Other than the self-hating misanthropy of “Big Yellow Taxi” (“They paved paradise and put up a parking lot.” Yes, and over the last 150 years, “they” also put up electric lights, air conditioning, the polio vaccine, and err, the musical instruments, concert halls, record players, radio and TV networks, and the commercial aviation that made your career possible), I’ve enjoyed a number of Joni Mitchell’s songs, and her adventurous musical spirit. But this article in today’s London Daily Mail paints a picture of a very tormented 70-year old soul:
Reflecting on her childhood, Mitchell reveals she was terribly affected by Bambi, particularly the scene where the deer’s mother was trapped in the fire. It was an unlikely spark for her artistry. The traumatic scene made her obsessively draw pictures of fire and deer running, in an attempt to exorcise it from her mind.
‘I think maybe that’s the beginning of my contempt for my species and what it does. How ignorant it is of sharing this planet with other creatures. Its lack of native intelligence, common sense, or spirituality addressed to the earth…’, she told the author.
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While living luxuriously between two homes, she’s adamantly negative on America and the industry that made her so successful.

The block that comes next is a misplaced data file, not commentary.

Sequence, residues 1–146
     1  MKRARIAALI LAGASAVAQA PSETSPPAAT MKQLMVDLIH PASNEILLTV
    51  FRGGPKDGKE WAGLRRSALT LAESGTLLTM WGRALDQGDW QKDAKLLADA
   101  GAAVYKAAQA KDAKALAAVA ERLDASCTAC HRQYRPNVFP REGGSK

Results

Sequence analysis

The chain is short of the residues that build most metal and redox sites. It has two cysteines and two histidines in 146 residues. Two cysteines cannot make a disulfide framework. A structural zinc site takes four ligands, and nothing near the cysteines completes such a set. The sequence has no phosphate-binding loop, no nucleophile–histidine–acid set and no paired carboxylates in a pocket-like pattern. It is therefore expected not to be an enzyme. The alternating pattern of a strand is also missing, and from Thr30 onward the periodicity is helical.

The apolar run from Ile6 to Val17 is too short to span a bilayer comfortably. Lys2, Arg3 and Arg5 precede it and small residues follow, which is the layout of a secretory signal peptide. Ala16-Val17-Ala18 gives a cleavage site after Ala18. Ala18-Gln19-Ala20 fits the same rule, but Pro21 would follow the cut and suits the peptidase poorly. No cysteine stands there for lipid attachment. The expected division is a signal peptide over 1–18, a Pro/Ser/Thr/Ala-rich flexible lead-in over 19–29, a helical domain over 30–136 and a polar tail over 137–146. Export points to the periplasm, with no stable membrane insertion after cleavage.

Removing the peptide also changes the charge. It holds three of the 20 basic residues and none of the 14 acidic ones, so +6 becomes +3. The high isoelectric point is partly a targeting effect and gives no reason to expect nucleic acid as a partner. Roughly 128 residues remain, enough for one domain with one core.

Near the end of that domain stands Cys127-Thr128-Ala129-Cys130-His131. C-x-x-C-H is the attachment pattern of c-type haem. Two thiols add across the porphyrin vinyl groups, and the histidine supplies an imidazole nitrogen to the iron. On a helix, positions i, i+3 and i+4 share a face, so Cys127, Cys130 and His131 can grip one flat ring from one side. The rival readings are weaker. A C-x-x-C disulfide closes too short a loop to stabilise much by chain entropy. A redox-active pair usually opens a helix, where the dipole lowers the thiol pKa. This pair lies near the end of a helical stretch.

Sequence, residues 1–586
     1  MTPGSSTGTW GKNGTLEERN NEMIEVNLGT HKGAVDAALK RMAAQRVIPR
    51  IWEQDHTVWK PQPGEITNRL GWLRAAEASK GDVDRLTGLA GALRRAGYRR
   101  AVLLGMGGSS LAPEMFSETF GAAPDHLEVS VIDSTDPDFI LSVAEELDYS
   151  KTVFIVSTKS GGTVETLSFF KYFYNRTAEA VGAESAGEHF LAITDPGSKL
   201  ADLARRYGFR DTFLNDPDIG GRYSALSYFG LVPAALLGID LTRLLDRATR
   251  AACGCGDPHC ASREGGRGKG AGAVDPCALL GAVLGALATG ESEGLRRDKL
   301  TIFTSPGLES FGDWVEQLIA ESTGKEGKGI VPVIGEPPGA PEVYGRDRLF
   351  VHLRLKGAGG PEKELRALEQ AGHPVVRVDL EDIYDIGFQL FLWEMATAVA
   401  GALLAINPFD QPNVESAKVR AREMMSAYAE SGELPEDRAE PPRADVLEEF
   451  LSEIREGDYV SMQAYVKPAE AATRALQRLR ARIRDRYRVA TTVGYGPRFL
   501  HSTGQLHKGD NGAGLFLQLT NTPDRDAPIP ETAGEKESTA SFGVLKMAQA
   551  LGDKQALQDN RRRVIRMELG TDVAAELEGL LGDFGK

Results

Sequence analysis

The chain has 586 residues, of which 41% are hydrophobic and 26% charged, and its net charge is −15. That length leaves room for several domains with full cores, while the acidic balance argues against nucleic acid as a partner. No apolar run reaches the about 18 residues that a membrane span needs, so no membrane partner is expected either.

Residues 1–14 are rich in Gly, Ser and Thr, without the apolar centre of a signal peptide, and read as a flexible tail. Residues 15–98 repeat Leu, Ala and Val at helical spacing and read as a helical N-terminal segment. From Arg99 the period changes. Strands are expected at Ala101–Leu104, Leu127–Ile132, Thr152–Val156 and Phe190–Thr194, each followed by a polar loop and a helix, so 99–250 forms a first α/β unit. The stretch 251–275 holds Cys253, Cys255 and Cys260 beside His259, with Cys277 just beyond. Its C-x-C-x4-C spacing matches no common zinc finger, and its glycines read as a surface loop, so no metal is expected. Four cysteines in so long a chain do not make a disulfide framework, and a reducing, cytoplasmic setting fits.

‘America is like really into Velveeta (the processed cheese). Everything has to be homogenized. Their music should be homogenized, their beer is watered down, their beauties are all the same. The music is the same track’.
But it’s in America that her music is playing in department stores and in elevators. Joni Mitchell has become the soundtrack to millions of lives, and the royalties from those songs have made her very wealthy.
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But it’s not a recurrence of polio.
‘Morgellons is constantly morphing. There are times when it’s directly attacking the nervous system, as if you’re being bitten by fleas and lice. It’s all in the tissue and it’s not a hallucination. It was eating me alive, sucking the juices out. I’ve been sick all my life’.
Mitchell broke off friendships feeling she was wasting her time with some people she calls ‘deadwood’.
She lost her drive and doesn’t follow projects through to conclusion. She’s forgetful and can’t remember what she just said, Marom writes.
If she’s out walking and has a thought she wants to remember but no notebook, she won’t remember when she gets home.
‘There’s a lot of lethargy with my illness. I’m fatigued’, she laments. And the medicines she was taking gave her brain fog, adding: ‘My creative energy went into survival and into furnishing the interior of the house [in British Columbia]‘.
If you hate mankind so much that admit “contempt for my species and what it does,” then you must on some level hate yourself, your own existence, as well. Honest question: how much stress does that put on a body and impact a person’s health?